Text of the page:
Time was against us as we raced to the station to drop off Brad, one of our lovely actors, so I decided to shoot some things I’d planned for the hovercraft location at home, against a green screen, and ‘fake’ the backgrounds later. On the way back to Brighton I worked out a vague story which sort of combined the stuff we’d already shot with what we needed to inclue from our text message rules, and then started fantasising about sleep and chips.
In the second location we got to play around a bit more with my props, which consisted of loads of weird/stupid light things that made everything look slightly more sci-fi, and some light-up guns which I’d sandpapered and painted to give them a more substantial and weathered look.
Some more lovely actors and crew people met us in location two, and we just about managed to film enough stuff before our 10:30 leaving time. Soundman Rob and assistant director/driver/actor Simon were fantastic and helpful, as were my actors Sam, Russ, Chrissy & Simon. I probably murmured something incomprehensible and angry-sounding, which in my head meant ‘I love you all dearly’ before heading back with Simon for chips and sleep.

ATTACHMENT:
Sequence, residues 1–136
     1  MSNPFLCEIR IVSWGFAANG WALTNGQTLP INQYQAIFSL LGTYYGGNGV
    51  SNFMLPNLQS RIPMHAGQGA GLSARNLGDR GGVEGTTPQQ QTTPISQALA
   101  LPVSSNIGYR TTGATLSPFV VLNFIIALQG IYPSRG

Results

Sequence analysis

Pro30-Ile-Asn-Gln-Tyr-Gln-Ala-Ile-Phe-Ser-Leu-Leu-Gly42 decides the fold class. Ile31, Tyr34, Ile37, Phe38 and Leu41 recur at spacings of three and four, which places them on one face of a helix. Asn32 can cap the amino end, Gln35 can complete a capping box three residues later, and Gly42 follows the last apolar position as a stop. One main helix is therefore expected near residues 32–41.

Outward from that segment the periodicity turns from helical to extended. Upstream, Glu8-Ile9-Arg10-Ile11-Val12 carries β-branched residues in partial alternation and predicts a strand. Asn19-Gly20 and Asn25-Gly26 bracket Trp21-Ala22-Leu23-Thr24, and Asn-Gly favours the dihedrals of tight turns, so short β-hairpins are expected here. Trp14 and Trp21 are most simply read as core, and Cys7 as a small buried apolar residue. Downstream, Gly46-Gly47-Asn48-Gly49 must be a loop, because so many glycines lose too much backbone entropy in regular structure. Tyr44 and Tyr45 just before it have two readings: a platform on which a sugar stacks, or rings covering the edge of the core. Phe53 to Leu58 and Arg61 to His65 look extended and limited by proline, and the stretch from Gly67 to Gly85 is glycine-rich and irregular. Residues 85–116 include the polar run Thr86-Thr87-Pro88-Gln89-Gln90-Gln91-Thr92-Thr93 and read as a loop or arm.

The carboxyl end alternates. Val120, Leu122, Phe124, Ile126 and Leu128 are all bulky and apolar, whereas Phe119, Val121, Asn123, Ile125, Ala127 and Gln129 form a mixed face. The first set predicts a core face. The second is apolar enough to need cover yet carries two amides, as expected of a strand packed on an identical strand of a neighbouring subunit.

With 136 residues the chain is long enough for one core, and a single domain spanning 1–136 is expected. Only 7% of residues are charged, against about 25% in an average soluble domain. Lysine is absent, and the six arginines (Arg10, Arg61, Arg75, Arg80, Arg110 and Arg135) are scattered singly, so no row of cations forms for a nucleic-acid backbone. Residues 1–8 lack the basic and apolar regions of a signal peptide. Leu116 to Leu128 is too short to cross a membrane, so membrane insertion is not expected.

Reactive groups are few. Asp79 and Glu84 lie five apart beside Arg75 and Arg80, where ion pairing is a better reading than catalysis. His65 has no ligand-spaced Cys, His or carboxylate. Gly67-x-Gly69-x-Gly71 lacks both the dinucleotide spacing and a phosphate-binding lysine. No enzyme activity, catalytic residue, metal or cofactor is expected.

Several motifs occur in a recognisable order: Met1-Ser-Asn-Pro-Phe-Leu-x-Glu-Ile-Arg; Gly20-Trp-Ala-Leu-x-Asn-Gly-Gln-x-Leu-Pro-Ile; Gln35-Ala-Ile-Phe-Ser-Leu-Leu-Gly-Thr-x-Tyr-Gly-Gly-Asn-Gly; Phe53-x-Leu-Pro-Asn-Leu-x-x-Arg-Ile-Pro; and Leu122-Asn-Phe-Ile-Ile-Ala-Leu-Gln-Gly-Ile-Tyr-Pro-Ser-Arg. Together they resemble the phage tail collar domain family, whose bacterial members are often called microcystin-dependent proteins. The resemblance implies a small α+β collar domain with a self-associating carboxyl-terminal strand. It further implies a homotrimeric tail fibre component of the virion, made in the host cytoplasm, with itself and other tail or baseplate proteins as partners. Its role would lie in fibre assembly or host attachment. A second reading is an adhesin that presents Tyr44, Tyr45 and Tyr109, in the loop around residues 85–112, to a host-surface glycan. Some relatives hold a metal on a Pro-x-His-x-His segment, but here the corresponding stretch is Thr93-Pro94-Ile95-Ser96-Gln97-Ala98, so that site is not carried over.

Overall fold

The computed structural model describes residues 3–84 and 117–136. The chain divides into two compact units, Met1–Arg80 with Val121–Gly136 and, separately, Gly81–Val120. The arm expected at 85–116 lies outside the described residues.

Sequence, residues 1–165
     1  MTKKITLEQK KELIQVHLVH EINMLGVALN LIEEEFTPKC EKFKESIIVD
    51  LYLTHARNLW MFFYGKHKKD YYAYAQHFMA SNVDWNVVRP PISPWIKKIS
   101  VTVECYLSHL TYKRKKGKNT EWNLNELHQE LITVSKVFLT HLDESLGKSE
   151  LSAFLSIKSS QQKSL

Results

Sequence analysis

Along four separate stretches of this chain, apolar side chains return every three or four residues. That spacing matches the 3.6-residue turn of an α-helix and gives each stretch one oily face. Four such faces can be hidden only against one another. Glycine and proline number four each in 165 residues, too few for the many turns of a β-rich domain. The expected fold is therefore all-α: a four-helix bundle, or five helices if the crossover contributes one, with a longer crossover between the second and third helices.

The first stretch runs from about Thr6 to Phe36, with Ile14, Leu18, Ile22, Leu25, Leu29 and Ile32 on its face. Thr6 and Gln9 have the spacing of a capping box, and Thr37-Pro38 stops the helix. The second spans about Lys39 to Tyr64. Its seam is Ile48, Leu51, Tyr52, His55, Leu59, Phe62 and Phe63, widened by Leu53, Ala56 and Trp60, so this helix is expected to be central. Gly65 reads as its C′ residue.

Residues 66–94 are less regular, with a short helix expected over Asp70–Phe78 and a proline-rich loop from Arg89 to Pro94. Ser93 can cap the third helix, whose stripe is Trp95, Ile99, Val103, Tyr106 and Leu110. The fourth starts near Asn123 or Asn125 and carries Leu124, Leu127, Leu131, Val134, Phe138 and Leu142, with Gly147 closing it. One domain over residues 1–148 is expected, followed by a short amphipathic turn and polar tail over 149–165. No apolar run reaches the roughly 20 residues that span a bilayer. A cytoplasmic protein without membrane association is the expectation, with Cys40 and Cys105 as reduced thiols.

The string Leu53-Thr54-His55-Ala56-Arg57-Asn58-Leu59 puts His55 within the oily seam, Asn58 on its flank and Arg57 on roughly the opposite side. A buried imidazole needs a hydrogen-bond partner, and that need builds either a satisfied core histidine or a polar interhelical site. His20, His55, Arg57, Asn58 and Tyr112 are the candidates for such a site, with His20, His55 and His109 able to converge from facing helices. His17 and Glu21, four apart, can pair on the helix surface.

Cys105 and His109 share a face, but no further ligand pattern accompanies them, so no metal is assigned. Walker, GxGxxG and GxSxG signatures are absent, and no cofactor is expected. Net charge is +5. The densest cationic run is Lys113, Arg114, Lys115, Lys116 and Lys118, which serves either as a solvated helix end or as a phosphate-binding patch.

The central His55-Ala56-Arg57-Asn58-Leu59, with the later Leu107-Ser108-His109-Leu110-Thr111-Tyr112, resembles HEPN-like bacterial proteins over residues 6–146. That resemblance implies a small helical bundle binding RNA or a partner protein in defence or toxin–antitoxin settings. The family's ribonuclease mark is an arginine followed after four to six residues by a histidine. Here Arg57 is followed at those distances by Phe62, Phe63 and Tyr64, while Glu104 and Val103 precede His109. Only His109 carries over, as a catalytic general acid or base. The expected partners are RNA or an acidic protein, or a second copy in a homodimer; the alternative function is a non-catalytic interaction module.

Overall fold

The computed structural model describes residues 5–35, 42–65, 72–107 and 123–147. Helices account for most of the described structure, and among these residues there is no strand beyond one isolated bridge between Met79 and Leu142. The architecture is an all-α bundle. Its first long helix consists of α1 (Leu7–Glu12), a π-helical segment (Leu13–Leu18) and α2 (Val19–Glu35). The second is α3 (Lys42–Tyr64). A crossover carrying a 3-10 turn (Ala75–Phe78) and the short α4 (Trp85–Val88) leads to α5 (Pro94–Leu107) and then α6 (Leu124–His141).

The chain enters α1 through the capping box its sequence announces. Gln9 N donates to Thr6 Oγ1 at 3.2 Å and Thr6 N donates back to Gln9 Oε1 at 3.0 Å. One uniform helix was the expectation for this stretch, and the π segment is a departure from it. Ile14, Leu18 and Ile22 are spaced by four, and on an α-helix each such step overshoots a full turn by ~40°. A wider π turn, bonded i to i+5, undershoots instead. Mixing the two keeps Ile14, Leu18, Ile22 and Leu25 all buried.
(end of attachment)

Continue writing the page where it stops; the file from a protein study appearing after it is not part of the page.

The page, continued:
Before I tucked into my chips, I made what turned out to be a very good decision, and got Simon to film me against greenscreen while I was still in makeup. I did some generic reaction shots, evil eyes etc in case I needed footage to stick in somewhere of me all aliened-up. I’d already decided I couldn’t be arsed applying the prosthetic/makeup again for a second day, so this was my last chance to get those shots.
After just under four hours sleep, day two began! Some more greenscreen shots, but from behind me (so I didn’t have to have any makeup on), and then the mammoth task of editing something vaguely comprehensible out of the footage, before sending it off to Rob for sound syncing and sound design, and Dan & Russ to work their special effects magic.
While those guys were doing their thing, I trimmed and tweaked the edit some more, and did all the greenscreen shots. Which was interesting as I’d never done any greenscreen stuff before. In fact I hadn’t really done any effects stuff before, so I had to learn quickly!
After some emails, phonecalls, three hours sleep, surprisingly few technical hitches, and starting the music 40minutes before the deadline(!) I managed to get a file uploaded with five minutes to spare. Phew!